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IMHO PET bottles will keep beer very well for up to 6 months. Beer can be kept longer than that but I have noticed that "fizzy drinks" PET bottles can lose pressure after a year or so. Apparently the PET used is very slightly gas permeable. There are bottles on the market with an O2 barrier inserted in the bottle walls, eg - Coopers brown plastic bottles. ...


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If its food grade plastic then sure it shouldn't be a problem. I wouldn't recommend racking after a few days for no reason other than getting into a new container. You don't want to separate the cider (or beer or wine) from the fermenting yeast too soon. After a few days some of that yeast is likely to already be flocculating out, but its still active and ...


3

Although it doesn't say they are food safe, those plastics are relatively safe at room temperature. Beer lines are made from PVC and PTFE is used a lot in kitchenware. Of course, we don't know exactly how they have been processed/handled, this is still guesswork. No-one here can tell you if they are food safe/acid-safe etc.. just by looking at them. An ...


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I'm guessing you are talking about making a data logger to monitor fermentation temps, mash temps, etc. Your question is quite vague and you need to clarify it to get better answers. What temps are you talking about, environmental conditions, etc. What parts are going to contact the beer/wort? A drawing would help. I've used weatherproof electrical ...


2

A lot of brewers use silicone tubing for hot liquids, but there's no reason aside from cost not to use it for racking as well. That will take if the tubing part but you've still got to deal with the racking cane which is rigid. Copper or stainless tubing could be bent into the correct shape.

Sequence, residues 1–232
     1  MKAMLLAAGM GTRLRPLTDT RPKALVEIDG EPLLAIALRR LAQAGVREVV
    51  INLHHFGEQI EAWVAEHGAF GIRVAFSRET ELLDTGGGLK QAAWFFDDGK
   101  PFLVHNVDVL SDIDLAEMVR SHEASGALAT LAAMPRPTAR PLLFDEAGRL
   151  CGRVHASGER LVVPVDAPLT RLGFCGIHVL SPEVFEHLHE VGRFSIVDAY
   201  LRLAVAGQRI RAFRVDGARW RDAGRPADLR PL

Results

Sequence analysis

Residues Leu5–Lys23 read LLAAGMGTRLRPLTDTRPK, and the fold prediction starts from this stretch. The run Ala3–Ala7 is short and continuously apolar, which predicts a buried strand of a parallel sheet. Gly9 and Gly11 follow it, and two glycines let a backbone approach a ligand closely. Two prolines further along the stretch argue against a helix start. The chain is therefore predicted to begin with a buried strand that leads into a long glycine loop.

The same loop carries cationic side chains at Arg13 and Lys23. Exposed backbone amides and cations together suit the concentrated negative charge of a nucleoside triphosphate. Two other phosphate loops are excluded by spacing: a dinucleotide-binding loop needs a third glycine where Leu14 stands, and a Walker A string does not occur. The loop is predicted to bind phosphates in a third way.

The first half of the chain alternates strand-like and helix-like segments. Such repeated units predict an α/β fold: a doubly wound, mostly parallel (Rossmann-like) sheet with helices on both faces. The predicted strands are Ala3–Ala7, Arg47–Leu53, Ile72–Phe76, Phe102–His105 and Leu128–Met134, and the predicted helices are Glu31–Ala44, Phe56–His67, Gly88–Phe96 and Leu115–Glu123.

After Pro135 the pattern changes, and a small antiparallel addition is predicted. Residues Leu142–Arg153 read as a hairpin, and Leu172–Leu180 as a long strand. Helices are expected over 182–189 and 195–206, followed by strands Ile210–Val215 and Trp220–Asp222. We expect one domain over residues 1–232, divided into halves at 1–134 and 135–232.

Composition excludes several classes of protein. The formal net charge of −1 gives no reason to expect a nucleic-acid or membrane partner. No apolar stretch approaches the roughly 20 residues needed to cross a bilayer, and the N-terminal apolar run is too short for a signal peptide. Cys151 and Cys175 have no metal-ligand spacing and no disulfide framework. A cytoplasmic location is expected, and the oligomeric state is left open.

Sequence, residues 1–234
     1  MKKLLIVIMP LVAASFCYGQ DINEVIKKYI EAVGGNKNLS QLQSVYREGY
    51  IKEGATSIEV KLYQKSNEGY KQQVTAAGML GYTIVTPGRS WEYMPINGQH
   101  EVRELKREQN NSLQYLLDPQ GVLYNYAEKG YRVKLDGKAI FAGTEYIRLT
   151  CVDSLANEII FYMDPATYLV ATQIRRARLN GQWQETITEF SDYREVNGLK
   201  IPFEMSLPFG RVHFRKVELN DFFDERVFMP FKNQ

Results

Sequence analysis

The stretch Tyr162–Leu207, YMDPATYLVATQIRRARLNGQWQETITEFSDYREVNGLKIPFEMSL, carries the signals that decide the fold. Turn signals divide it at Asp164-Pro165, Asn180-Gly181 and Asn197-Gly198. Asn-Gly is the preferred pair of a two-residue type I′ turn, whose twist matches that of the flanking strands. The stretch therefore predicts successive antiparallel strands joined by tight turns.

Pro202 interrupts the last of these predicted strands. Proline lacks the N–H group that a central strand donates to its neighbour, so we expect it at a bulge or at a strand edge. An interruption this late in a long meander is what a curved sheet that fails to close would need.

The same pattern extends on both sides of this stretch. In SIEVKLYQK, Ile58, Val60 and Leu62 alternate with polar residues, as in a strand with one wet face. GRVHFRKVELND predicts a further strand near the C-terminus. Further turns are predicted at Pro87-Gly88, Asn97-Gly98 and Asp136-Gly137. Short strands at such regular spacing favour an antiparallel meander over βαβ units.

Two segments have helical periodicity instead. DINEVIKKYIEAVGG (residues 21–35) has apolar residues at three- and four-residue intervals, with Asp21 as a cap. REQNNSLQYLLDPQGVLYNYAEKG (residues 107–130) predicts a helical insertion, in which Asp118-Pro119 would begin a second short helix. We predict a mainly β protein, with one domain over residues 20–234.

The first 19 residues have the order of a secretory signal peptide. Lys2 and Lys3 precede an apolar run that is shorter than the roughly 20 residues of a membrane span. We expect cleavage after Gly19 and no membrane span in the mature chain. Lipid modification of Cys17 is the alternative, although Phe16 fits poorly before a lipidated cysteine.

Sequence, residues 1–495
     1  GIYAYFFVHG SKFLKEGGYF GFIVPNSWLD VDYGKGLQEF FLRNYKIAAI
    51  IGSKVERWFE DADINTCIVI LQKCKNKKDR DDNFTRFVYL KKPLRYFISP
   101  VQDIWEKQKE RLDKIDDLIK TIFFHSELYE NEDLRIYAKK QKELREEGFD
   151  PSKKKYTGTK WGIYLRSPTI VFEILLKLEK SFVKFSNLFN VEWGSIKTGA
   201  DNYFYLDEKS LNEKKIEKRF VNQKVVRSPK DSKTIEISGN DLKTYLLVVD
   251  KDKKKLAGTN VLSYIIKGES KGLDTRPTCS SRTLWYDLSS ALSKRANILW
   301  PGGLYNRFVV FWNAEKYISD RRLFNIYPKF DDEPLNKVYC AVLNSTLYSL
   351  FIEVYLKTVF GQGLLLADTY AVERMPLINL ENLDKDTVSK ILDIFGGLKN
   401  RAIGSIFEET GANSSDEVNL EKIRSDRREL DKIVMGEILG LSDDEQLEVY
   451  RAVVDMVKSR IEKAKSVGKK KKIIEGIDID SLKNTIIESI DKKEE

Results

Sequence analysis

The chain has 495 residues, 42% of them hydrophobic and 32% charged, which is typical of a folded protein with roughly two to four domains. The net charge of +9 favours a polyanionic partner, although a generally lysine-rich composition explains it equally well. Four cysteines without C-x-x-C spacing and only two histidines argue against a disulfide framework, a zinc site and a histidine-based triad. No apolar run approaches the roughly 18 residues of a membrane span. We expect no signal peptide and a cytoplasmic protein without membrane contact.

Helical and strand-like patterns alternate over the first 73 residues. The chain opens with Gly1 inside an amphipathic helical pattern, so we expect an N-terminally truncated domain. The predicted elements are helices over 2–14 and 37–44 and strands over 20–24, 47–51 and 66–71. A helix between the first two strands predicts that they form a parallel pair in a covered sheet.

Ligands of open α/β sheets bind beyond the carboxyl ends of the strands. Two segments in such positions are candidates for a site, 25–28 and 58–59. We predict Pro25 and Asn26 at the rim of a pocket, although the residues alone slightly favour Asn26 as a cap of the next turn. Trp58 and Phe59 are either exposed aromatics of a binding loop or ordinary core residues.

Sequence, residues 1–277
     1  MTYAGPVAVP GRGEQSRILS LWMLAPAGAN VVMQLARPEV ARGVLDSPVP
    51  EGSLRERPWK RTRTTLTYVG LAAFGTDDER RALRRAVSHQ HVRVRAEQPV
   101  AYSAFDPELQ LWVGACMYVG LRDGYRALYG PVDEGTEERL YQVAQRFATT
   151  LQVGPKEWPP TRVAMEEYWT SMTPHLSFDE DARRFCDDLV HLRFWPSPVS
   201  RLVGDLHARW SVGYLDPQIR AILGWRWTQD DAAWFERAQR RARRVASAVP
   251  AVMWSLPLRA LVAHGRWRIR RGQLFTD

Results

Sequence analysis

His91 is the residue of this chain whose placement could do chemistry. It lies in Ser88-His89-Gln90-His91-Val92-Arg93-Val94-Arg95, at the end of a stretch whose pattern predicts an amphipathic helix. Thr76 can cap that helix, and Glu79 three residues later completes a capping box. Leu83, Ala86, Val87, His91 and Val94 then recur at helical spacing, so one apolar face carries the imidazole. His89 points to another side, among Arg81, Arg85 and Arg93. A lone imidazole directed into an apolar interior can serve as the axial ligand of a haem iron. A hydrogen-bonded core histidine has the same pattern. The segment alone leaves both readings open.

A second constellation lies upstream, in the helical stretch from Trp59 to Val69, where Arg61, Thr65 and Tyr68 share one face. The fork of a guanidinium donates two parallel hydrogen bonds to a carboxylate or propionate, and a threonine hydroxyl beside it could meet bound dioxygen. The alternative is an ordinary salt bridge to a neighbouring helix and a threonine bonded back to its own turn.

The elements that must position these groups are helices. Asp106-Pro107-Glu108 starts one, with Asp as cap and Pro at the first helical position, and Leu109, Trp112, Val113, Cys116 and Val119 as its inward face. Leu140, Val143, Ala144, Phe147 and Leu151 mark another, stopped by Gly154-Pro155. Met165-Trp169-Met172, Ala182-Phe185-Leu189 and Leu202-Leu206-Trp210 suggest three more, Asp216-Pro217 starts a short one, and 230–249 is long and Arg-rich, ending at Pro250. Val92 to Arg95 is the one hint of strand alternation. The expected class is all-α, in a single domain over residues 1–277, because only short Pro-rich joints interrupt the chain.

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It seems the problem you have is with being able to keep pressure in a controlled way. If the only issue what the container you could always use a PET carboy or something similar. There is no way this could be made to handle the amount of pressure a normal beer would be carbonated at; both in the wall of the container and the cap. My suggestion would ...


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Its your first brew; I wouldn't worry about it. It will get consumed fairly quickly. Certainly before an big bad PET issues arise...if you believe in that sort of thing. Don't worry about putting the whole batch in the fridge either. Just put in what you can and replace them with other bottles as you have space. It is recommended to put them upright. ...


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Hosing is a pain to clean, no two ways about it. If a soak in oxygen wash (PBW, etc) and vigorous pumping won't do it, there are long, thin brushes they make for this purpose. However, it's advisable to just simply replace the hosing every so often, and keeping extra hosing around is always a good idea. It's probably the cheapest part of your brew system, ...


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According to the guys at this sour-only brewery they use only glass, stainless or wood. Plastic lets in too much oxygen, leading to acetic acid. Also, the shape of a barrel allows them to eliminate the air space above the beer by topping up periodically with fermented beer. BTW that link is a 3-1/2 hour podcast, but I'm 95% confident the content is in ...


1

I've had a number of beers and meads that after a week, fermenting in fridge, have had the bucket covered in mold. I don't know which kind of bucket you use, I use these. Since they are very well sealed, every time I had this "problem", I washed the exterior with a washing brush and sprayed a sanitizer all over the exterior. Until now I had no contaminated ...